sound
Provide for payments to be made in
equal amounts during term of loan,
with no deferral and no balloon
payments made
Prohibit the cancellation of the balance
upon the death of the lender
Purchase of life estate
interest
The full amount that a person pays for
a life estate in someone else’s home
will be considered a transfer UNLESS
the purchaser resides in the home for a
period of at least one year after the
date of the purchase.
Paying a relative can
be an uncompensated
transfer
Payment for services by a relative is a
transfer unless:
 The parties have a notarized written
agreement dated at or before time of
service, requiring payment
OR
 Payment for services is made with
sixty days of when services given
74
Transfer of real estate

The transfer is complete when:



Deed is executed AND
Deed is delivered.
Date of delivery is earlier of:




Date of recording
Date of delivery as stated in affidavit
Date of judicial order creating the
interest
Date upon which interest devolves at
person’s death
PURCHASE OF ANNUITIES
AS TRANSFERS
See Bulletin No. 08-21-04 dated
May 27, 2008 on DHS web site
76
ALLOWABLE
TRANSFERS:
Exceptions to the
transfer rules
Allowable transfers of home

To spouse, disabled or blind child of
any age, child under age 21

To sibling with equity interest

To caretaker child (not grandchild)

For value

Denial would cause undue hardship
Other exceptions to transfer
rules




To spouse at any time, or to 3rd
person for sole benefit of spouse
To disabled or blind child or sole
benefit trust
Transfer into trust for any
disabled person under age 65 (or
a pooled trust for people of any
age)
Return of assets
Return Assets: Example



Eleanor transfers $200,000 to her son
in August and applies for MA in
August.
POI is 41.91 months, beginning in
August
Eleanor’s cost of care is $6,000 each
month which her son returns to her
and she uses to pay for care.
80
Example (cont.)





The period of ineligibility is reduced
each time money is returned.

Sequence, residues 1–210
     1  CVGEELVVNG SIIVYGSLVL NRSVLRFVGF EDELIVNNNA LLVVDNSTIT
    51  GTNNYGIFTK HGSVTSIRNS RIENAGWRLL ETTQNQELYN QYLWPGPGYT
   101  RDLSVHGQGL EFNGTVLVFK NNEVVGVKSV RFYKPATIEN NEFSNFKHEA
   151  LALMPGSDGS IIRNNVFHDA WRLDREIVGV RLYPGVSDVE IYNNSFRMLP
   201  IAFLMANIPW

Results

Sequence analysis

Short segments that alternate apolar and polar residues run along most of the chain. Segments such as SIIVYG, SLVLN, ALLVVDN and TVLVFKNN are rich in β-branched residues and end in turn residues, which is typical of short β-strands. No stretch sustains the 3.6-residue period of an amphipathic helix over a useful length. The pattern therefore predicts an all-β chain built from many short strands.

After six months, $36,000 will have
been returned; thus the total amount
transferred to son is reduced to
$164,000.
New POI = 34.38 months.
At this rate, POI will be reduced to
18.5 months;
81
$88,282 protected.
Other exceptions to transfer
rules
(cont.)



Individual intended to dispose at
FMV
Transfer of excluded assets other
than homestead
Denial of eligibility would cause
undue hardship
Undue hardship waiver:
MN


Based on imminent threat to individual’s
health and well-being
Evaluation criteria:




Whether the individual was the victim of
financial exploitation
Whether the individual has made reasonable
efforts to recover transferred property
Other factors relevant to determination of
hardship
Cause of action against transferee if
Undue hardship waiver:
DRA




State develops procedures in
accordance with standards specified by
Secretary of HHS
NF can file application on behalf of
individual
30-day bedhold payment to NF: NOT IN
MN!!
Undue hardship exists when denial would
deprive individual --
Criteria for determining if
cause of action exists

C/A exists if transferee knew or
should have known:



Transferor was resident of LTC facility
or receiving that level of care in
community
Transfer was being made to obtain or
maintain MA eligibility
Transferee actively solicited transfer
with intent to assist person obtain or
maintain MA eligibility
Cause of action against
transferee



Transfers made by applicant and not
reported on application
Transfers by recipient during ongoing
eligibility and reported too late to
create period of ineligibility
If undue hardship waiver is granted
to transferee
Liens


Medical Assistance lien
against non-homestead real
property
Notice of potential claim
against life estate and joint
tenancy interests
Estate recovery

County may place claim against
estate for MA when:



Person was over 55 and received
MA/AC.
Persons resided in medical institution
for 6 months or longer and could not
have been expected to return home.
Claim is against estate:


of recipient, if single
of surviving spouse, if married.
Estate recovery (cont.)


If claim is against estate of surviving
spouse, claim limited to assets that were
marital assets or held jointly during
marriage (But, Barg may change this!)
Estate includes:



Probate assets
Some non-probate assets (joint tenancy,
POD and TOD accounts)
Life estate or joint tenancy interest in RE
created on or after August 1, 2003
In the Estate of Francis E.
Barg
Opinion issued by MN Supreme Court on May
30, 2008, which held:
1.
2.
Federal Medicaid law does not preclude all
recovery from estate of surviving spouse of
MA recipient.
Federal law limits scope of recovery to only
those assets in which deceased MA recipient
had a legal interest at the time of death and
only to extent of MA recipient’s interest.
Thank you for your
attention!
Long, Reher & Hanson,
P.A.
www.mnelderlaw.com
(952) 929-0622